• Institute Clear Criteria for “Good Cause” Separations and Require Detailed Documentation for Separations. In consultation with HHS and NGOs with relevant expertize, DHS should develop and make publicly available detailed criteria it uses to determine when it is in the best interest of a child to be separated from his or her parent or legal guardian (“good cause separations”). Further, every incidence of family separation should be clearly recorded and the explanation for separation, including specific criminal charges, should also be documented. This information needs to be readily shared and accessible to all component agencies of DHS, as well as ORR. In particular, the location of the separated family member needs to be shared with ORR at the time of the child’s referral in order to ensure prompt communication between child and parent, if appropriate. Additionally, DHS policy guidance should denote that even if family relationships are questioned, the alleged relationship must be documented.
  • Delineate Administrative Responsibility on Family Unity and An official “Family Unity” Ombudsman should be appointed to monitor future incidences of family separation. This position should be within DHS as it is the agency with the greatest visibility at the point of separation.
  • Create a Standing Interagency Task The Family Unity Ombudsman should lead the creation of an interagency task force on family separation that meets quarterly with NGO and government stakeholders. The task force should be required to provide DHS-OIG, DHS-CRCL, and Congress with annual reports on family separation that include, in part, aggregate data on family separations broken out by reason for separation, including specific category of “criminal history.” It should also be responsible for monitoring monthly reports by DHS and ORR on family separation rates and cases. In the event that that the monthly number of family separation cases increases by more than 20% from the previous month, the Family Unity Ombudsman should be required to issue a report to Congress, as well as a corresponding public press release, within 30 days. This report and press release should discuss the increase in separated families, suspected causes, and any remedial actions being taken. Finally, the task force should issue a one-time report to Congress on: (i) the number of children separated from parents or legal guardians by DHS during FY 2017 and FY 2018 prior to the court’s preliminary injunction during; (ii) the percent of such children released by ORR to category one, two, and three sponsors, respectively; and (iii) the percent of these children that received government-funded post-release services.
  • Ensure Immigration Paperwork Reflects Families’ Final Destination Cities. As a general practice, DHS should issue NTAs and other discharging immigration paperwork with a family’s final destination address, rather than the address of the reception site or the site of the immigration detention facility court. Failing to put the correct address on immigration paperwork makes it difficult for families to attempt to comply with their proceedings. In the family detention context, ICE already lists the final destination address of the individual that they release. We urge ICE to ensure that the appropriate address is listed for all arriving families.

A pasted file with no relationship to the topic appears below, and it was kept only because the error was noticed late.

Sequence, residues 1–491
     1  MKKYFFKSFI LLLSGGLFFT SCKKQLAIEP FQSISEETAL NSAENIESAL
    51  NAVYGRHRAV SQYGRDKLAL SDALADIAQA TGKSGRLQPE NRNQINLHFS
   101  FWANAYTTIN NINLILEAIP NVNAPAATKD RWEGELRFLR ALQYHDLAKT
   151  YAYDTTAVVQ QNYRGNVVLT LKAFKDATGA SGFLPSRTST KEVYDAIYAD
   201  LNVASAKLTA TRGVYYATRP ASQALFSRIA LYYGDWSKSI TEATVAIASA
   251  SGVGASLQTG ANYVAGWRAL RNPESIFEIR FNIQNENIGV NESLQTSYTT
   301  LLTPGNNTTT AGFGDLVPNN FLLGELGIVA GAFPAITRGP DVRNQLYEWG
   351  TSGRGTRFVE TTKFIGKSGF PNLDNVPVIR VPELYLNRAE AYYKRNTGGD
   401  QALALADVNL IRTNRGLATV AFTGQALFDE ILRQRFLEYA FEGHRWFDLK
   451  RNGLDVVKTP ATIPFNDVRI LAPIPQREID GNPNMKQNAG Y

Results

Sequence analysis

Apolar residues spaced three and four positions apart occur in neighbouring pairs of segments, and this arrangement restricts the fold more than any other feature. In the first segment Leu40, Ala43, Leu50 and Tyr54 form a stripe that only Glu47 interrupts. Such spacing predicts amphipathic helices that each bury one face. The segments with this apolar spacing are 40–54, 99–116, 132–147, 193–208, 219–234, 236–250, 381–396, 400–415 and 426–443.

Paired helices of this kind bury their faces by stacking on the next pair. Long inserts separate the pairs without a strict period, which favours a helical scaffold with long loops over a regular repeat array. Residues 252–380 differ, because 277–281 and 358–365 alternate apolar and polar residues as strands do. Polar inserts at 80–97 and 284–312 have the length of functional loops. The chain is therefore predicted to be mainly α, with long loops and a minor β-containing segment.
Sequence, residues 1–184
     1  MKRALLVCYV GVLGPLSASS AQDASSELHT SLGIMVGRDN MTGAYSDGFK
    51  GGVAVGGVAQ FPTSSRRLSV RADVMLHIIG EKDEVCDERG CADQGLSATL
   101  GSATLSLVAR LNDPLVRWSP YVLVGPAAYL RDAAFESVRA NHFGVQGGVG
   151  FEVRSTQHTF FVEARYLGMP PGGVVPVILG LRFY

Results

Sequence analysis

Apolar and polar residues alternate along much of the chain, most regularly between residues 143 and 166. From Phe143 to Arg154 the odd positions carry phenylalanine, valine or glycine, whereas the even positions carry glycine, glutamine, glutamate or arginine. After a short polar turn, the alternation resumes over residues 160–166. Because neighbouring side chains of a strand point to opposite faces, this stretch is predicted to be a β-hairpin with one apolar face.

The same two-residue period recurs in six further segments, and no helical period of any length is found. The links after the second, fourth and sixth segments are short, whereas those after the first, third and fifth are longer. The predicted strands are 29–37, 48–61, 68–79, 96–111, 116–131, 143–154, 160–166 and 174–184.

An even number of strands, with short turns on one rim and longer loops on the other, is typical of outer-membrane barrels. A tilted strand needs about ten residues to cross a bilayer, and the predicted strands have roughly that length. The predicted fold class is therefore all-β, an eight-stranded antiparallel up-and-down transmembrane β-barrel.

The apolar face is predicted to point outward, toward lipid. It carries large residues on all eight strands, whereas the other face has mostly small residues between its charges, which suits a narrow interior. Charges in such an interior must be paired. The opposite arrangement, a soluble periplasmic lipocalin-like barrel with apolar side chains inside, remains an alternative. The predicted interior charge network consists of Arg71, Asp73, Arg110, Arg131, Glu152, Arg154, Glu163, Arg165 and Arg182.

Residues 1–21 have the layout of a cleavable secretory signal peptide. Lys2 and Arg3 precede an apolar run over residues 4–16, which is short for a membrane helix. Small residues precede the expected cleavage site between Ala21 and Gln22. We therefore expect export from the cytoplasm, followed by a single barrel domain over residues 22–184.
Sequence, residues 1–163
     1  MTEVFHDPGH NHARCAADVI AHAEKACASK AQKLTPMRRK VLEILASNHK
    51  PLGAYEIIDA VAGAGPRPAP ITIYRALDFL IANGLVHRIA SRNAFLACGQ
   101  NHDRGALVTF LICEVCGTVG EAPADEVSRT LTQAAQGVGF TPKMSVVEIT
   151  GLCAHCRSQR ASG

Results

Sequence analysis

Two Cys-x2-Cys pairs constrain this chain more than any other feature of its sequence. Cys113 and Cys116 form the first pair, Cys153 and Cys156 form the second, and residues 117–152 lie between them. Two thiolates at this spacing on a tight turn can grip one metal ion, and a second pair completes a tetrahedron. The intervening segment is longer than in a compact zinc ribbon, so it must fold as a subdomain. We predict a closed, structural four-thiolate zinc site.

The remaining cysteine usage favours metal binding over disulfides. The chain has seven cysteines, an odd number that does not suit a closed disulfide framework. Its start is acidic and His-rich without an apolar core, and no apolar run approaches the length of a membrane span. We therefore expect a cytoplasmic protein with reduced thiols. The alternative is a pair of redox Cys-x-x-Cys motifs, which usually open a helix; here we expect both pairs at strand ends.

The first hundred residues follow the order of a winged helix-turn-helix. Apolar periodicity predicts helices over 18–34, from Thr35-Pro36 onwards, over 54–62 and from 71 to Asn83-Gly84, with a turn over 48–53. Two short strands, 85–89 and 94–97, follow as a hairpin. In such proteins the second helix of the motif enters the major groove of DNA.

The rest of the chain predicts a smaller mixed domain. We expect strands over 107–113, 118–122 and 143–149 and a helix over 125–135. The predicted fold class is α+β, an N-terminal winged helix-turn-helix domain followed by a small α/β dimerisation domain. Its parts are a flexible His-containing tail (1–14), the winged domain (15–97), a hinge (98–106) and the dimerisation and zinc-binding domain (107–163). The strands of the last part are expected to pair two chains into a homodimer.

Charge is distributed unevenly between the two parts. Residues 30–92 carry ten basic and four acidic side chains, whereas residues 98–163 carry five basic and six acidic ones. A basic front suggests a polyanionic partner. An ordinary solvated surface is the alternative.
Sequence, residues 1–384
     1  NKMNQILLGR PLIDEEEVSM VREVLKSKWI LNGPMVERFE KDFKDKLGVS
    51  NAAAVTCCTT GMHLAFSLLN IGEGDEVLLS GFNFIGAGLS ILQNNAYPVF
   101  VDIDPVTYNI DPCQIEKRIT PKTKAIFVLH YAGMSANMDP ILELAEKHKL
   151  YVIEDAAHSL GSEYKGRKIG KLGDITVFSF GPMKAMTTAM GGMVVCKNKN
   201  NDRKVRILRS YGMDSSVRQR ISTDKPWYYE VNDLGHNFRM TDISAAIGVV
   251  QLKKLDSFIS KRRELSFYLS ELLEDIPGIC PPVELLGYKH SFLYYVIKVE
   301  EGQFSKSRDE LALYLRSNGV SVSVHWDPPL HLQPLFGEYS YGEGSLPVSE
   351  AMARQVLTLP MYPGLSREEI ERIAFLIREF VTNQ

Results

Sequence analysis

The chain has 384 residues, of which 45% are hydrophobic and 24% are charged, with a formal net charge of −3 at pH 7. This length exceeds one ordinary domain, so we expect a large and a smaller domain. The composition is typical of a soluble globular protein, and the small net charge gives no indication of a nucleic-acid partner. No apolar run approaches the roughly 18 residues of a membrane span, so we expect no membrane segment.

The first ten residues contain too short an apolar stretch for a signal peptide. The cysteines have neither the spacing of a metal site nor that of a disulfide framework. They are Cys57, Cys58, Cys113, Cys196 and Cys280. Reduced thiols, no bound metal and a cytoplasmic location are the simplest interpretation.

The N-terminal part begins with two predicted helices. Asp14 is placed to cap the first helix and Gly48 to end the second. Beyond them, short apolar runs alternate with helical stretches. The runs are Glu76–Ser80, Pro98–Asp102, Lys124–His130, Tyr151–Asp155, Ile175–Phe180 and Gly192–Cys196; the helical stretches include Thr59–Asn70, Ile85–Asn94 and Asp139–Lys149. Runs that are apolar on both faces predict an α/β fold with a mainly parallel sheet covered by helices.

• Streamline Change of Address and Venue DOJ should streamline the process for non-citizens to change their address and move to change their venue for immigration hearings. EOIR should collaborate with DHS to formulate a single unified change of address form (available in Spanish and other languages) that, when submitted physically or electronically to EOIR or any ICE office or contractor, would automatically trigger an update of a noncitizens address with all relevant immigration agencies and EOIR. This unified form would streamline the process, reducing the burden for not only the noncitizen but also for DHS and EOIR.
  • Support Robust Funding for Post-Release Ser Congress should ensure, through the appropriations process, that all separated children released to parents or guardians receive post-release services from ORR to address their trauma. Further, given their ongoing needs, Congress should also ensure that federal funding is dedicated to providing additional support services to the reunified and released families.
  • Support Additional Trafficking and Trauma-Informed Training of CBP Officers. Congress should ensure, through the appropriations process, that DHS has resources to institute additional training for its Customs and Border Protection officers. These trainings should engage NGOs with relevant expertise in identification of human trafficking and in trauma-informed and child-friendly interviewing techniques.
  • Maintain Existing Protections for Unaccompanied and Accompanied Children. Congress should ensure that it maintains critical protections for all immigrant children; it should reject any legislation that seeks to alter existing safeguards relating to detention of children in unlicensed facilities and processing of unaccompanied children at the border. Immigrant children should be viewed as children first and foremost.

 

  1. Conclusion

Immigration policies implemented by our government must be humane and uphold human dignity. While our nation will never be able to rectify the life-long trauma it has inflicted upon separated families, we can and must ensure that no child or parent ever has to face unjustifiable separation again. As always, USCCB/MRS stands ready to work with the Administration and Congress to help develop policies that uphold family unity and the best interest of the child.

 

[1] Names and identifying information changed to protect client confidentiality.
[2] U.S. Conference of Catholic Bishops and Lutheran Immigration and Refugee Service, Serving Separated and Reunited Families: Lessons Learned and the Way Forward to Promote Family Unity (2018), available at https://justiceforimmigrants.org/wp-content/uploads/2018/10/Serving-Separated-and-Reunited-Families_Final-Report-10.16.18-updated-2.pdf.
[3] Please find a full list of recommendations available in our report, “Serving Separated and Reunited Families: Lessons Learned and the Way Forward to Promote Family Unity.” Id.
2019-02-25T14:32:00-04:00News|